Shimmer Lake (d. Oren Uziel) - I wonder about movies like this one. How does a first-time director rope together a cast that includes Rainn Wilson, Ron Livingston, Rob Corddry, and John Michael Higgins? None of them are superstars, but all are "names," and all are successful, busy, and talented. Are Oren Uziel's screenwriting credits on such complete whiffs as 22 Jump Street and The Cloverfield Paradox enough to explain why he was able to put together this cast for his directing debut? I guess it must, but I suspect there are better filmmakers out there who were lucky enough to have written two shitty movies that got produced who would like to tell Uziel to fuck right off.

As it happens, Shimmer Lake (a Netflix Original, don't you know) is an obnoxious, pseudo-edgy dark crime etc., which for no good goddamn reason at all is told backwards. No effort was made to give each scene the illusion of flowing naturally in reverse, as Christopher Nolan did in Memento; instead, it becomes clear very quickly that when a main character dies, and then the film cuts to another character waking up, a new section of the film, the events of which occurred before the section we just saw, has begun. The only reason for any of this is so that when we get to the end, or beginning, we can say "Oh so that character was in on it too!" A thin reward, indeed, especially when you consider that thrillers have been managing that same thing while still telling their story rightways-round for ages. And it's thinner still when, by killing a character at the end of each section and introducing a new one at the beginning of the next, the "twist" that one of the characters is gay comes maybe ten minutes (at most) after we first meet the guy. So the twist I guess is more that, in this film, homosexuality exists.

Anyway. This film is about a bank robbery, and the title doesn't mean anything.

Wednesday, May 2, 2018

You Played the Flute, I Played the Drums

Legend of the Mountain (d. King Hu) - I think it's safe to say that, at this point, among the people who care about and notice such things, Asian genre cinema has made a fairly strong impact on, and over the past couple of decades has become more and more available in, the Western world. Asian crime, action, and horror films, in particular, have provided, at minimum, an invigorating alternative when the American versions begin to feel stale (the Japanese horror film Pulse has more ideas and a more chilling patience than just about any American horror film since 2000; Korean revenge films are not like other revenge films). Less represented in this Eastern genre surge are science-fiction and fantasy films, though not because they don't exist. In 2000, Ang Lee's Crouching Tiger, Hidden dragon was released. At the time, Lee was riding a wave of commercial and critical successes (and he hadn't even won either of his two Best Director Oscars yet), which I assume helped him mount this ambitious period action fantasy, which was also hugely successful. It was inspired by the wuxia films -- essentially martial arts films set in the past, if you will allow me to grossly oversimplify -- Lee loved so much, and for a brief period of time the door was open for other wuxia films to at least be distributed (so many of those that found an audience were directed by Zhang Yimou that this seemed almost to be a stipulation). Eventually that dried up. Had it gone longer, easy access to the films of the Taiwanese director King Hu may have come sooner, but for whatever reason it's here now: Criterion released A Touch of Zen, his best known film, in 2017, with Dragon Inn slated for later this year, and yesterday Kino Lorber put out on Blu-ray Legend of the Mountain, his 192-minute, fascinatingly small-scale epic. Which brings us to today.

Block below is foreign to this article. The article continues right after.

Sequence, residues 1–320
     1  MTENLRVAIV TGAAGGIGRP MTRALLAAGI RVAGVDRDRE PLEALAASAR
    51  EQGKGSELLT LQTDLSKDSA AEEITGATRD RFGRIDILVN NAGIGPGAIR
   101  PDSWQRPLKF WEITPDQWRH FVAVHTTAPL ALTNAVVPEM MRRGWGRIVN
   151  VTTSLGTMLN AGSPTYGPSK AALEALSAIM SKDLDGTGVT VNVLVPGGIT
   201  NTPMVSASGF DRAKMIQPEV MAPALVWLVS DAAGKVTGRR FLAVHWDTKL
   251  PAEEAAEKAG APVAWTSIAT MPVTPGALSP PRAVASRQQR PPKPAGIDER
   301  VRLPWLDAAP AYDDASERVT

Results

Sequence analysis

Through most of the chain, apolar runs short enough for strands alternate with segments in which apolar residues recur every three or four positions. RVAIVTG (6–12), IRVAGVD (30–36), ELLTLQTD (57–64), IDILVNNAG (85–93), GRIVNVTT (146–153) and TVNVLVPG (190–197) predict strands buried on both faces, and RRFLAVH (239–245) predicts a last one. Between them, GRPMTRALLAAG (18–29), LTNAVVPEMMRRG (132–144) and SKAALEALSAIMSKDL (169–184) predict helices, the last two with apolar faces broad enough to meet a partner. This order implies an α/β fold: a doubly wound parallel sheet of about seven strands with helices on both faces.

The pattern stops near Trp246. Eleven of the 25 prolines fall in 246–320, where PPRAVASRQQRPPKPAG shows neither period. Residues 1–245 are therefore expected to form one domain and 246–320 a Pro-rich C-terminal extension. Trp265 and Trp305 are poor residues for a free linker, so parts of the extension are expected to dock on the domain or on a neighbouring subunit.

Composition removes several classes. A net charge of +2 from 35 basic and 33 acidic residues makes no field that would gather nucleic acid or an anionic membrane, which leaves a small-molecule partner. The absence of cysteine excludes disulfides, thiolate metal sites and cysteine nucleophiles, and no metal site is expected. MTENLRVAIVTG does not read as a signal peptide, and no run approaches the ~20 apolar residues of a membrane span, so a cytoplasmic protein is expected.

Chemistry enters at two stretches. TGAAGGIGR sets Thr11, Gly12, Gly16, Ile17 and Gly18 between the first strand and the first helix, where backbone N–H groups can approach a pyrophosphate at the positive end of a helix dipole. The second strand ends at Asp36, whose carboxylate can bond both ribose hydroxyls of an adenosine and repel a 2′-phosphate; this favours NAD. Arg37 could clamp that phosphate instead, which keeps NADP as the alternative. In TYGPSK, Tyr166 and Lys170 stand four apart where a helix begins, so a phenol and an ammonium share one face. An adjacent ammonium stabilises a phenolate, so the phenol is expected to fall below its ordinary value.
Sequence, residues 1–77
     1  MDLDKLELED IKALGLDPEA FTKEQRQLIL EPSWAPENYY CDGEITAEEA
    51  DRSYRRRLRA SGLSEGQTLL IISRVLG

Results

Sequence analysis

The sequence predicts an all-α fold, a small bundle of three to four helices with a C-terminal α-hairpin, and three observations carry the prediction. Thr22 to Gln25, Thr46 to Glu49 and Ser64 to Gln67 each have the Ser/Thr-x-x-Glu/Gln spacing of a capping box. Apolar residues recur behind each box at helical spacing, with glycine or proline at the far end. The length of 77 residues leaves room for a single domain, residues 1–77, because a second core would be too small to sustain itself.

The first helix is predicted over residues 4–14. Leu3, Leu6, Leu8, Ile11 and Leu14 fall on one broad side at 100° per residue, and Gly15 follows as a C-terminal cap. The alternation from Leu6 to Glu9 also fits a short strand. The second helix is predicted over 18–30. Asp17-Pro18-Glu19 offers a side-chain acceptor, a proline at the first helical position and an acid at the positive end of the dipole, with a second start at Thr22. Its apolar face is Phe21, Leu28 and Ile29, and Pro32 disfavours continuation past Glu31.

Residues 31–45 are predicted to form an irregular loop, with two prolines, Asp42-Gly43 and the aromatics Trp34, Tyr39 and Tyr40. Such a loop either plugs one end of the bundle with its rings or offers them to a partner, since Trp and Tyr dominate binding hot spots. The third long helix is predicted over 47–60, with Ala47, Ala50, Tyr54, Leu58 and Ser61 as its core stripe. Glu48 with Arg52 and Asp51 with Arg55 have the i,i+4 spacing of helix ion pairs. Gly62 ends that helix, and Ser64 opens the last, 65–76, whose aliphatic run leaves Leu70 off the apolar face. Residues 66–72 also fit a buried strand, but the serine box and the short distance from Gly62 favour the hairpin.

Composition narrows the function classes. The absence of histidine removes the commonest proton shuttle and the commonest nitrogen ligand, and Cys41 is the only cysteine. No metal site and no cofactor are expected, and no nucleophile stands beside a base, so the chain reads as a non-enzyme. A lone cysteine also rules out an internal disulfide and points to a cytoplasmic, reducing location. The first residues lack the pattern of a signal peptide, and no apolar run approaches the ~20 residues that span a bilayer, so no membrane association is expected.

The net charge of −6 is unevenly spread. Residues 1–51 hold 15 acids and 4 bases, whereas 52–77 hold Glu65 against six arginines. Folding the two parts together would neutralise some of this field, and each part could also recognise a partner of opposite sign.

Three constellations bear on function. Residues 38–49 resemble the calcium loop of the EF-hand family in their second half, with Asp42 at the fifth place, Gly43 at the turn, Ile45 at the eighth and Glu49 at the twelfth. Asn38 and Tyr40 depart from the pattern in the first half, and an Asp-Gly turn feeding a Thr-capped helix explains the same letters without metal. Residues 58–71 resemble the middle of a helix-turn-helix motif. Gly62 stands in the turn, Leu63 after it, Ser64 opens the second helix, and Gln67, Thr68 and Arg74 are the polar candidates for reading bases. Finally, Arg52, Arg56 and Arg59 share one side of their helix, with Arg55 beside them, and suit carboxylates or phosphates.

I must begin by saying that A Touch of Zen, which I watched a couple of weeks ago, was more or less what I was expecting (up to a point, anyway), in that it combines the fantastic with elaborate martial arts fight scenes (Lee borrowed a lot from this movie, as he'd be the first to tell you), as well as, as the title suggests, a heavy dose of spirituality. Though of a different religion, A Touch of Zen is the kind of fantasy film that I believe C.S. Lewis would have appreciated. But while Legend of the Mountain resembles that earlier film in many ways -- both star Chun Shih as very similar financially unambitious scholars, both also feature old military forts, and ghosts played by Feng Hsu -- where it differs marks it as a truly unique piece of fantasy cinema. For one thing, if, for a film to be counted as wuxia, it has to prominently feature martial arts, then I guess Legend of the Mountain ain't that, because it doesn't have any. It has some combat, but it's always a magical, wizardly sort of combat. The most common and effective weapon used is a drum. The closest King Hu gets to recreating the leaping, floating fight scenes that made A Touch of Zen so influential is in a showdown between the demon Melody (Feng Hsu) and a priest played by Chen Hui-Lou. There is much that is acrobatic about this scene, but Hu shoots it from the point of view of a monk played by Ng Ming-Choi, who watches the fight, which is taking place outdoors, from inside a hut, through the doorway. So we see it from the same distance as the monk. On top of that, Hu cuts rapidly between the fight and the monk, who is throwing smoke bombs (or whatever) to try and help the priest. So the most elaborate fight is never seen closely, is frequently cut away from, and is increasingly obscured by smoke.